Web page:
Tag Archives: Art

war dance and dangerous territories

18 Apr

So it’s with a little trepidation that I’m going to write this post as, to be frank, the intention of the His and Hers was never to wade into geopolitics or issues of a  contentious nature but to write about stuff that’s interesting and (hopefully) informative.

Now having been laid up for the last few days with a rather weird ear infection which made leaving a prone position seem like I had been instantly transported back to Friday night, I thought I might as well use the opportunity to binge view old DVDs.

If you haven’t heard of the #Kony2012 campaign and the associated repercussions in the last month or so, it’s likely you haven’t logged on to Twitter or Facebook for a while, and probably don’t know any teenagers.

Through the whole Kony /Invisible Children media furore I was surprised that the documentary War Dance wasn’t widely referenced.

Released in 2007 and nominated for an Oscar, it tells the stories of Dominic, Nancy and Rose, three children of the Acholi tribe in Northern Uganda, which is one of the worst areas affected by the Civil War / LRA.

Disarmingly beautiful, but covering some absolutely harrowing stories that are impossible not to be moved by, re-watching War Dance in light of recent events made me feel as though I should share this other perspective of recent history in Uganda.

Being a bit of a music nerd, the joy and cathartic benefits that music and dance brought these children and their wider community was pretty powerful. I’m not going to question the “awareness” or “education” benefits of students in the West buying Stop Kony packs and arranging rallies, but witnessing the difference that owning a simple xylophone made to Dominic, I couldn’t help question the focus of those efforts.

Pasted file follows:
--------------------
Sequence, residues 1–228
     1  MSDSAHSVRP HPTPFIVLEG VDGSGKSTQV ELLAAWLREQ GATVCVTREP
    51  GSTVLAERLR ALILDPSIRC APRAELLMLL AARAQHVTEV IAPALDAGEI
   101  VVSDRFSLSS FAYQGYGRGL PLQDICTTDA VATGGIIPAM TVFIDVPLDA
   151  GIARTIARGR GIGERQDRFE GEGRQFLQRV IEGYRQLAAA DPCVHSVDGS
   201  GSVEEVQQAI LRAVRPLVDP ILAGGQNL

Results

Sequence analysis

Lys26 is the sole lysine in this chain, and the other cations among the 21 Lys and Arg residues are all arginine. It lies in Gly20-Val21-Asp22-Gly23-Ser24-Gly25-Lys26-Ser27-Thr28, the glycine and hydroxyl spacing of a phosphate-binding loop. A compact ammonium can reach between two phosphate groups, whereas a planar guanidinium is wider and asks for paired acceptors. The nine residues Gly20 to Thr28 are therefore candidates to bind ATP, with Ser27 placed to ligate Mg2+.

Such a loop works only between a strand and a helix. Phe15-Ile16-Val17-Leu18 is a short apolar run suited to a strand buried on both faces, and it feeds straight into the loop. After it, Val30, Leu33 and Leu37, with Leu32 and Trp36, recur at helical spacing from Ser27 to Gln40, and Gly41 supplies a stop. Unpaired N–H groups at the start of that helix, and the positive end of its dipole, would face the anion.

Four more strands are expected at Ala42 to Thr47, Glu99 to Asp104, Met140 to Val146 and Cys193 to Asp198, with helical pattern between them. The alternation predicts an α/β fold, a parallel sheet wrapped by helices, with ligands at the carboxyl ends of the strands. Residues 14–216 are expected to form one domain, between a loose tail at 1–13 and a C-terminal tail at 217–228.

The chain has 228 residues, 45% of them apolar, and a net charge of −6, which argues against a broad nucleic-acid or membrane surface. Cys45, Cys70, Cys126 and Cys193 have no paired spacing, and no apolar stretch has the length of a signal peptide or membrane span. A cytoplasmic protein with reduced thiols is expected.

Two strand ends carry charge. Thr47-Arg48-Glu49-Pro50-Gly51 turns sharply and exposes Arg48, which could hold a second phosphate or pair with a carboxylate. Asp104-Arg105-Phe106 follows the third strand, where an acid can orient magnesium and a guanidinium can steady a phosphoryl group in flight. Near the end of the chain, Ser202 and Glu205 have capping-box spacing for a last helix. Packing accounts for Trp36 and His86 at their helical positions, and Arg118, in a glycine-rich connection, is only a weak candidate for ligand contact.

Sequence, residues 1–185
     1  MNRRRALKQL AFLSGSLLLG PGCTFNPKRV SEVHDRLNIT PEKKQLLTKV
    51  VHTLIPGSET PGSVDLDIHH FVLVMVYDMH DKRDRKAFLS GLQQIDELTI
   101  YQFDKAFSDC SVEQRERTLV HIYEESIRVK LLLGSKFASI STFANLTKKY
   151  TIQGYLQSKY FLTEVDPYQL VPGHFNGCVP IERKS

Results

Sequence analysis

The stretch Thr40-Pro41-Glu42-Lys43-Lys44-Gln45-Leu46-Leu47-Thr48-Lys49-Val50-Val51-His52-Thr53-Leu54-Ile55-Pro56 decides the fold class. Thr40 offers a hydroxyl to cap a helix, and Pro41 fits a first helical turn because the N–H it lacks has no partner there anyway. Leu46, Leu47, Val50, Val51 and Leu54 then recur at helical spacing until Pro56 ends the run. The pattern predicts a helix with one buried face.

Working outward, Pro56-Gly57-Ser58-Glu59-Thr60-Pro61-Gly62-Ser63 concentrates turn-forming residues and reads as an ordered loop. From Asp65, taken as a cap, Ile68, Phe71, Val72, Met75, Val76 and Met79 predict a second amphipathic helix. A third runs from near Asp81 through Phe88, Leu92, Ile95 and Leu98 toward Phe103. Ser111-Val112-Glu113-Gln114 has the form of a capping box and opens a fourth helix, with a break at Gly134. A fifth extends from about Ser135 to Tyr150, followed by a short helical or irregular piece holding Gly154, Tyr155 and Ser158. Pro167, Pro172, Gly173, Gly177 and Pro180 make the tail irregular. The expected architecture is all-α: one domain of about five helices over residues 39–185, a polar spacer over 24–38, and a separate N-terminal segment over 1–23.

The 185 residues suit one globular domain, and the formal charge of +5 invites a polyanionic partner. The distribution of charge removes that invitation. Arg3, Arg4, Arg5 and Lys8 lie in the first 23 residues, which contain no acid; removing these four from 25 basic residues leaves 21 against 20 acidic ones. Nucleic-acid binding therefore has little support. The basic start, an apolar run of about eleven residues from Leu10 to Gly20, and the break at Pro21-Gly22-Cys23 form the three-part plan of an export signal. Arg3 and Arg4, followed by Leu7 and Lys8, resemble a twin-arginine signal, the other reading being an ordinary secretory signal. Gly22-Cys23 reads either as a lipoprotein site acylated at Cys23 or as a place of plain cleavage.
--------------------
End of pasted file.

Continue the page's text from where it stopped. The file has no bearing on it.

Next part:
Frustratingly, War Dance is practically impossible to get hold of in the UK. I have, however, found a YouTube channel which has uploaded it in ten parts, the first of which is below (if you click on their channel you’ll see the others). If you have chance, please take the time to watch it.

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best of british

2 Apr

On the weekend we had the pleasure of a parent of the His and Hers in town visiting. As a bit of back story, this particular parent, who resides in deepest darkest Devon (and has never lived in the big smoke), somehow seems to know and have her finger on the pulse of everything that’s achingly cool in the city.

So whereas most children may dread the arrival of their parents for a weekend, we look at it as an opportunity to raise our “cool” stakes amongst our peers.

We were informed that this weekend’s agenda was to begin with a stroll down the recently re-opened Exhibition Road to take in the latest example of shared space urban planning, as well one their favourite art deco buildings in the city.

Our destination was the V&A for the opening day (our guide thought it had been open for weeks) of the British Design 1948 – 2012 exhibition.

But before we had even got in the door our eyes were being opened with more facts from our London oracle. The photo below is of the wall on the Exhibition Road side of the V&A, which to this day still has multiple and considerable shrapnel scars from the Second World War. Quite a frank reminder of how the war affected some of our greatest buildings.

As for the exhibition itself, the word I’d best use to describe it is ambitious. Covering a huge range of styles, influences and designers, it was always going to be difficult to do justice to all of the eras covered.

It felt as though some eras went into quite some detail (the Fifties in particular), then others were skirted over in a slightly haphazard fashion.

However, the surprise for me was fashion design, in particular the dress below by Alexander McQueen from his Horns of Plenty collection in 2009.

Copyright: Alexander McQueen